According to an official Dutch inquiry into Malaysia Airlines Flight 17, the flight was attacked by a Russian Buk surface-to-air missile fired from the ground in eastern Ukraine, killing all 298 people aboard the commercial jetliner.

On July 17, 2014, Malaysia Airlines Flight MH17—flying from Amsterdam to Kuala Lumpur—was hit by a missile, broke apart mid-air, and crashed over the Russia-Ukraine border. All 298 passengers and crew members aboard the jetliner were killed, including six prominent AIDS researchers.

The official investigative report—led by the Dutch Safety Board collaborating with an investigative team from Australia, Belgium, Malaysia and Ukraine—was released early Tuesday morning and focuses on the cause of the crash, the aftermath of the impact, and the institutional failures that facilitated the attack.

From the report:

The crash of flight MH17 on 17 July 2014 was caused by the detonation of a 9N314M-type warhead launched from the eastern part of Ukraine using a Buk missile system. So says the investigation report published by the Dutch Safety Board today. Moreover, it is clear that Ukraine already had sufficient reason to close the airspace over the eastern part of Ukraine as a precaution before 17 July 2014. None of the parties involved recognised the risk posed to overflying civil aircraft by the armed conflict in the eastern part of Ukraine.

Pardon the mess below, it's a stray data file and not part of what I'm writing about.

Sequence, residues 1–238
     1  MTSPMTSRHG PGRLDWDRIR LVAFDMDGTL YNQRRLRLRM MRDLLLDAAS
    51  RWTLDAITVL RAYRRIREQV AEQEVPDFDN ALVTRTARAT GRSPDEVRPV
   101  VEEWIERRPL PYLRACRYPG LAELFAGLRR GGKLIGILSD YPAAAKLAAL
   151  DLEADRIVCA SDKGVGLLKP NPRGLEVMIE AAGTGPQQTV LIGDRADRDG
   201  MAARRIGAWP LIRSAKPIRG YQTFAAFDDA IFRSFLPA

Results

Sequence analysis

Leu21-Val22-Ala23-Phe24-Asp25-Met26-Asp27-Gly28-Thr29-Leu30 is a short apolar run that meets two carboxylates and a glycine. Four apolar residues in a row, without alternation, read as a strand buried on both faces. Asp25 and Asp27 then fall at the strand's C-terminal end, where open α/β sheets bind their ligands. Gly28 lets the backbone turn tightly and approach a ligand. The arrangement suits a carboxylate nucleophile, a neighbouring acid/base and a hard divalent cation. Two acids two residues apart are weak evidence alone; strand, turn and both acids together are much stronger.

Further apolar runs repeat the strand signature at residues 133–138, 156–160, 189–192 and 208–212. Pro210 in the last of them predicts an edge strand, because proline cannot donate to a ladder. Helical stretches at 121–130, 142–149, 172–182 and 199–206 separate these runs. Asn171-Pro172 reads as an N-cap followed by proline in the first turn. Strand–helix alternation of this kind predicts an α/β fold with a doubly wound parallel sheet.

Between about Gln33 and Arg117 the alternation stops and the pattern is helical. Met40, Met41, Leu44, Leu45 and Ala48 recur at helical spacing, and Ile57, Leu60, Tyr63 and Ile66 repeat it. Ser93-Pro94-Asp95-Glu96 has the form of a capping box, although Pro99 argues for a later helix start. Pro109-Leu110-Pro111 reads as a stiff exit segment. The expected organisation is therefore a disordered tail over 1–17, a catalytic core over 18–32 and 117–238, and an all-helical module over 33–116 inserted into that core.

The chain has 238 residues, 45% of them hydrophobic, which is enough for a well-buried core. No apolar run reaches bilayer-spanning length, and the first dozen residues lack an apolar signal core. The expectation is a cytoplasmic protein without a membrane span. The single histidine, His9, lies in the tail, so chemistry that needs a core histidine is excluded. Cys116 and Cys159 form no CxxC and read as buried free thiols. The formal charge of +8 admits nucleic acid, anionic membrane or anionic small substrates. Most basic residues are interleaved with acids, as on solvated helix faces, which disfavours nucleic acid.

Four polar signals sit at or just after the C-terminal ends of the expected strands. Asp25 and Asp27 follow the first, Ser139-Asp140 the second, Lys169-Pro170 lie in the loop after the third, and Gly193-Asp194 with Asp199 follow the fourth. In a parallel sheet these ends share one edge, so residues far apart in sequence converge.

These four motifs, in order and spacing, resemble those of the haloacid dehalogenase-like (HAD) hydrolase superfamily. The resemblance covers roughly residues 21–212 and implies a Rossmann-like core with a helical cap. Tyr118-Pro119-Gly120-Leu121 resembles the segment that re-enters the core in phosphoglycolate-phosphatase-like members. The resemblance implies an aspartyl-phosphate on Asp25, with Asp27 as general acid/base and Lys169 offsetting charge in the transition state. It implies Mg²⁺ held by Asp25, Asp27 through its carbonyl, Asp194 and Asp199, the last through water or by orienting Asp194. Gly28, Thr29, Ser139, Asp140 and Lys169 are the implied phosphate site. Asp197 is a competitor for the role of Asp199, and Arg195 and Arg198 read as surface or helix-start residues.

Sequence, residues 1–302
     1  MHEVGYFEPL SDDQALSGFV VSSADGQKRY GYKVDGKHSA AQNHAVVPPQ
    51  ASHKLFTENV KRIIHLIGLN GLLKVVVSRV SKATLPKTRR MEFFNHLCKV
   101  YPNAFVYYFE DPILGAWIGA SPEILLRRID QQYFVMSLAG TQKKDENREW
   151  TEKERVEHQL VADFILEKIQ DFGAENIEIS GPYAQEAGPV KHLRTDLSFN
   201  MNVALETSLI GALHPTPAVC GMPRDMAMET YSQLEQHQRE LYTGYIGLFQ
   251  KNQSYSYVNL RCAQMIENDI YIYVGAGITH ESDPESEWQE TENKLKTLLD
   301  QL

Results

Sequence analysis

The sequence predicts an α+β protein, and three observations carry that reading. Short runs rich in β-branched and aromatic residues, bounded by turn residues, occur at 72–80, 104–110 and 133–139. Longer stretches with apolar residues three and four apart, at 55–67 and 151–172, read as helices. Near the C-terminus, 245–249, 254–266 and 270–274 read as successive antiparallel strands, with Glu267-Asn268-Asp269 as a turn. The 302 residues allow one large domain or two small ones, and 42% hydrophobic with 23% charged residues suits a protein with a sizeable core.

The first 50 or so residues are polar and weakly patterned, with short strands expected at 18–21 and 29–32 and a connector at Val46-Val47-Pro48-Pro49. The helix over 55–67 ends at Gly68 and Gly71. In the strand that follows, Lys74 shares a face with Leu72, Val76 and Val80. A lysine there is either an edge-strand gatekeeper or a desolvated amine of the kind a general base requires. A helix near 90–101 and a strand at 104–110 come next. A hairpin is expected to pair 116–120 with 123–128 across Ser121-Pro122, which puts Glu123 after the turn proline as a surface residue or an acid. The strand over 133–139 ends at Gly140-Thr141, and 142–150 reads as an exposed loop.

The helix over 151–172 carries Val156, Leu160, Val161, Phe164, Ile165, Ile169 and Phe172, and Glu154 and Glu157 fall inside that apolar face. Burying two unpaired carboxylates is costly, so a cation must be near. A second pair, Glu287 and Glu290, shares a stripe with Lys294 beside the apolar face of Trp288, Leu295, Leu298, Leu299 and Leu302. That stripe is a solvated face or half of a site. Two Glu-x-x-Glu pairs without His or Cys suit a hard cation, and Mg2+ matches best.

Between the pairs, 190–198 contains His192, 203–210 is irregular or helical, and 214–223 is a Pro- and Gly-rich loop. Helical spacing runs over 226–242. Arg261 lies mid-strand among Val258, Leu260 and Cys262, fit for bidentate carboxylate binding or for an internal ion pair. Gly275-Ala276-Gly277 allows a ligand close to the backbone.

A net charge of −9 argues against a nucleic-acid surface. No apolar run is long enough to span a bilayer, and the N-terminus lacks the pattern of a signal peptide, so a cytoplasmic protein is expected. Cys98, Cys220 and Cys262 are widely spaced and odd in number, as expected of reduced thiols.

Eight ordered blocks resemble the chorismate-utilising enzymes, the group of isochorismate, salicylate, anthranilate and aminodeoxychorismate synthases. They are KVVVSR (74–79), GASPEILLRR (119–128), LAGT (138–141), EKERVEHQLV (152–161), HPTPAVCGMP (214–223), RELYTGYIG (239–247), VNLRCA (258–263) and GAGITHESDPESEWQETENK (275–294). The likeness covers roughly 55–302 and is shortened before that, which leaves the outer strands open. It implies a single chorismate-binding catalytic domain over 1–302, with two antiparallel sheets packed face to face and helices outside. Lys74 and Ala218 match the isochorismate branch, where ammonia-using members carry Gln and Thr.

But although the probe criticizes Ukraine authorities for declining to close the airspace, it does not go as far as to blame Russian-backed separatists for the attack—something Russian leaders have denied since the crash.

To that end, Russia reportedly presented an alternate theory Tuesday that “the missile must have been fired from Ukrainian-held territory, and that it was of a type that is no longer found in Russia’s arsenal.”

Even so, a separate Dutch police investigation into the crash could yield criminal charges—but because Russia has already successfully vetoed a U.N. Security Council resolution for an international criminal tribunal, finding a venue may be difficult.

The Dutch Safety Board has also released a video summarizing their findings.

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